Appeal from an order of the United States District Court for the Southern District of New York, Vincent L. Broderick, Judge, entering a permanent injunction, pursuant to 28 U.S.C. § 2283, restraining Richard Rothenberg from relitigating, in the New Jersey courts, any action "premised upon the asserted validity" of NL Industries, Inc.'s preferred share purchase rights plan.
Oakes, Meskill, and Pratt, Circuit Judges.
Richard Rothenberg, owner of 100 shares of NL Industries, Inc. ("NL"), appeals from an order of the District Court for the Southern District of New York, Broderick, Judge, entering a permanent injunction pursuant to 28 U.S.C. § 2283 enjoining Rothenberg from pursuing any action "premised upon the asserted validity" of NL's preferred share purchase rights plan ("purchase rights plan"), sometimes referred to as a "poison pill".
The district court granted the injunction because it found that (1) both the preliminary injunction it had granted earlier, see Amalgamated Sugar Co. v. NL Industries, Inc., 644 F. Supp. 1229 (S.D.N.Y. 1986), and a final consent judgment it had entered, had established the invalidity of the purchase rights plan and were valid final judgments entitled to res judicata effect; (2) Rothenberg was raising, in New Jersey litigation, the same claim that had been decided adversely to him in the district court; and (3) NL and its directors had adequately represented Rothenberg in the earlier litigation.
Rothenberg appeals. Because we agree that the final consent judgment entered by the district court is entitled to res judicata effect, we hold that the district court properly exercised its authority under § 2283 to enjoin relitigation in the New Jersey courts and affirm.
NL is a corporation, with its principal place of business in New York, that is engaged primarily in the oil service and chemical production businesses. Id. at 1231. Amalgamated Sugar is a Utah corporation with its principal place of business in Utah. The two other appellees, LLC Corp. and LN Partnership, are organized and exist under the laws of Delaware and Texas, respectively. Both have their principal places of business in Texas.
The litigation leading to this appeal began on June 25, 1986, when Amalgamated Sugar Co., LLC Corporation, and LN Partnership (collectively, "Amalgamated") sued NL and 12 of its directors in federal court, seeking a declaration that NL's purchase rights plan was invalid under New Jersey law and a preliminary injunction against its implementation. See 644 F. Supp. 1229 (S.D.N.Y. 1986). The effect of the purchase rights plan, which had been adopted by the NL directors on April 22, 1986, was, simply put, to dilute the voting power and equity of any acquiring shareholder whose holdings of NL common stock exceeded 20 percent. See id. at 1232-34. The plan reflected NL's concern that, because its shares were undervalued in the market, it was vulnerable to takeovers at less than adequate prices. Id. at 1231.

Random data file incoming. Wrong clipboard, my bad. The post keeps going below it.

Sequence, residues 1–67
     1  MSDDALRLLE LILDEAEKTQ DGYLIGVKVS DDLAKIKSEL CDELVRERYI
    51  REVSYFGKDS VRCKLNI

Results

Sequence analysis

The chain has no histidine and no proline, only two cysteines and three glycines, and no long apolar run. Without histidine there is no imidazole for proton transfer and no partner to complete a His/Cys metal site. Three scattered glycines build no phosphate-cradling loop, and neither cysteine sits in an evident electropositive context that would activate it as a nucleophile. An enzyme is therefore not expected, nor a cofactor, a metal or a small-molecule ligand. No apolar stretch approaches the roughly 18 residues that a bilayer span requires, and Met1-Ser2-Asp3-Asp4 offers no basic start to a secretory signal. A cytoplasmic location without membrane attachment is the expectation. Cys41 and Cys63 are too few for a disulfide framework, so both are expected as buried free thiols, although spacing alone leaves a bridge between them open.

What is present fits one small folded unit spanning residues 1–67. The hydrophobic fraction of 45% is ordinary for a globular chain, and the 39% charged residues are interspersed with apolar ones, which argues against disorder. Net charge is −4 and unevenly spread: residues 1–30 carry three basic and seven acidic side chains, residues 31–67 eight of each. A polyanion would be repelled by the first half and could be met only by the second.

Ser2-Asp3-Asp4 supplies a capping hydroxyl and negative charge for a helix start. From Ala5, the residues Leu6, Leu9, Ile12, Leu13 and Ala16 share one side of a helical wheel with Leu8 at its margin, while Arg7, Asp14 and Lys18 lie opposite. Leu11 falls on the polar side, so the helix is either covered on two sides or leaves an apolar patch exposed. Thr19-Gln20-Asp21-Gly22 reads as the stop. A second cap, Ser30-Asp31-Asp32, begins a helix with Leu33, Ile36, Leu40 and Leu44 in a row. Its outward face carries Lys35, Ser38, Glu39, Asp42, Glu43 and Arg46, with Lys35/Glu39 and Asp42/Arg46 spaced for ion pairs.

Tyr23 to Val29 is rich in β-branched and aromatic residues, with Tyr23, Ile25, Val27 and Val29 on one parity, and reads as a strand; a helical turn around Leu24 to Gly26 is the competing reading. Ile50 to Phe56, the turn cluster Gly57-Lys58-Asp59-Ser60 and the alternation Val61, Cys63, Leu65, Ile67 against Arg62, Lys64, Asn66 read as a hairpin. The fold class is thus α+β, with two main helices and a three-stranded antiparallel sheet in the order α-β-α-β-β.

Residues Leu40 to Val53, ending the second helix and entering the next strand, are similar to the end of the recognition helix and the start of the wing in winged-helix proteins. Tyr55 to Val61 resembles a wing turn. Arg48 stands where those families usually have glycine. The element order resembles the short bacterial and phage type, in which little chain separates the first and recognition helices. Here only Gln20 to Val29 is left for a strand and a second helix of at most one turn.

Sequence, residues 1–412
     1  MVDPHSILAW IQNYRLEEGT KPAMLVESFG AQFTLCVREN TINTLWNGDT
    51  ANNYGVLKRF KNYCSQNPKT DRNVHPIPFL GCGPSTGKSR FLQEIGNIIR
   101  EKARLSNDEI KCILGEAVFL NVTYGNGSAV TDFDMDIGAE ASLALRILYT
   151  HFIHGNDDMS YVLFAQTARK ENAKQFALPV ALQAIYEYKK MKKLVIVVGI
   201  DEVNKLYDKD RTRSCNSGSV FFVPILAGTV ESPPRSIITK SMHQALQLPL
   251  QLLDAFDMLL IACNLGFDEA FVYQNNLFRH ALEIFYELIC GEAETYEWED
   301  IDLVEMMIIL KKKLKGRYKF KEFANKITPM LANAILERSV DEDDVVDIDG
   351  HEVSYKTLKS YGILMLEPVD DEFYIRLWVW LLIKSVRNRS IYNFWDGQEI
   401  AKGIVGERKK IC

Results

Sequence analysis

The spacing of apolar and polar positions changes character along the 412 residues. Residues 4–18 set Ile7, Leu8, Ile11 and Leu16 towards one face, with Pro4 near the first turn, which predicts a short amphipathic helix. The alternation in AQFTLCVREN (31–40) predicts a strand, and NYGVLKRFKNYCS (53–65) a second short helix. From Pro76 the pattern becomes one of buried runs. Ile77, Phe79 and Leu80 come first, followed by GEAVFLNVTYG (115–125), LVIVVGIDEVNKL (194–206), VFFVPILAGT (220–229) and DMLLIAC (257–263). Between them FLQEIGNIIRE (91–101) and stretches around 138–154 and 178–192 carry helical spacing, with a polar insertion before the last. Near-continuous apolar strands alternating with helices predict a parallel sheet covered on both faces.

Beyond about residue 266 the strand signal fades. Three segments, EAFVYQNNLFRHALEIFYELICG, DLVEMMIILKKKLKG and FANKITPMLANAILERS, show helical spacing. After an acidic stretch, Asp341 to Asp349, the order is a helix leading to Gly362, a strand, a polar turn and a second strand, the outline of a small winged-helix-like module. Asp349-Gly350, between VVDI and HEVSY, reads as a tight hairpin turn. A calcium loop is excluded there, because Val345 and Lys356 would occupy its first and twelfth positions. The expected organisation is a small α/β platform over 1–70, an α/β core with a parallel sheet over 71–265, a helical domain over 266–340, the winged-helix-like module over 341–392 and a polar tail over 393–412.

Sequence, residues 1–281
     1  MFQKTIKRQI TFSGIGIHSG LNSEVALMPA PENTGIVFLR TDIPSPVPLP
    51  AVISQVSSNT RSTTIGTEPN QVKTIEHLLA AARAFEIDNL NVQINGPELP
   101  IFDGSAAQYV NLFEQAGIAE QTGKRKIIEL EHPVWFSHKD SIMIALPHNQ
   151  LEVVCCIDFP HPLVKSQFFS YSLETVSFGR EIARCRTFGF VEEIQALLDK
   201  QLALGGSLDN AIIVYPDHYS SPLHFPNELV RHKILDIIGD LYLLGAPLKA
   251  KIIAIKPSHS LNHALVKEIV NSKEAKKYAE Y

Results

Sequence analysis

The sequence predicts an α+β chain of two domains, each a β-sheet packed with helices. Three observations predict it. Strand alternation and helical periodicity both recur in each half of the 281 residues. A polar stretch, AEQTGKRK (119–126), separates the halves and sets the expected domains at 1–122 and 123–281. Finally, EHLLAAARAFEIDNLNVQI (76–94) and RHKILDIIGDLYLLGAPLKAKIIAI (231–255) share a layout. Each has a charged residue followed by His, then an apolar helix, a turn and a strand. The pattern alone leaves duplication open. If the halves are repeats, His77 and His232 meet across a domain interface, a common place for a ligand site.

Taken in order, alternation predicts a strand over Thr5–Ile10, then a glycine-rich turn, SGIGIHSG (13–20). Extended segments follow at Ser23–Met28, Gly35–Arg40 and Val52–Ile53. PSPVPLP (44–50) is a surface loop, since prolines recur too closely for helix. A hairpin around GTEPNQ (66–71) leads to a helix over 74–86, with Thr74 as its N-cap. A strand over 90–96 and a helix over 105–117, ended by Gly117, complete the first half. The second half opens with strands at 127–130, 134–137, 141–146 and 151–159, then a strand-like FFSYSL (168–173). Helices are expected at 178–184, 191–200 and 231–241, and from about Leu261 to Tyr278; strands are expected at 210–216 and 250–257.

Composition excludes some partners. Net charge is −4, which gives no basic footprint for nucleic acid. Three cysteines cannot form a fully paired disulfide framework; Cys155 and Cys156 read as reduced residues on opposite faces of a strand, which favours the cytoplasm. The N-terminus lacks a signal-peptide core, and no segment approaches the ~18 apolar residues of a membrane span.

The validity of the purchase rights plan was crucial to Amalgamated because it was seeking to negotiate a cash merger with NL and had already acquired approximately 17 percent of NL's stock prior to filing suit. On July 3, 1986, after filing suit, it announced that it had acquired over 20 percent of NL's common stock and commenced a tender offer for all of NL's shares, conditioned on judicial invalidation of the purchase rights plan.
A hotly contested litigation battle ensued in the district court, in which NL and its directors vigorously defended the validity of the purchase rights plan. The proceedings included extensive briefing, five lengthy hearings, and discovery that produced nearly 9,000 pages of documents. The evidence included depositions from 18 people, including the chief executive officers and chief financial officers of NL and Amalgamated, 16 affidavits, and courtroom testimony. Judge Broderick commented that he had "rarely, in ten years on the bench, seen a matter as vigorously and effectively contested", and that no additional evidence "could have been adduced on the subject" of the validity of the purchase rights plan.
Although NL shareholders, including Rothenberg, were notified of the litigation and of the attack on the purchase rights plan's validity, Rothenberg did not move to intervene but, through his counsel, wrote to Judge Broderick to inform the court that he planned to bring an action in the New Jersey state court seeking a declaration of the purchase rights plan's validity.
On August 5, 1986, the district court denied NL's motion to stay or dismiss on the grounds that the matter concerned New Jersey state law, and preliminarily enjoined NL and its directors from implementing or otherwise utilizing the purchase rights plan pending final adjudication of the matter. 644 F. Supp. at 1240. The court found that the purchase rights plan was ultra vires as a matter of New Jersey state law because it allowed discrimination among shareholders of the same class and series, id. at 1234, and because the plan effectively prevented stockholders from receiving tender offers. Id. at 1238.
On August 6, 1986, Rothenberg filed suit in the New Jersey state court against Amalgamated and NL, seeking to relitigate the validity of the purchase rights plan that ...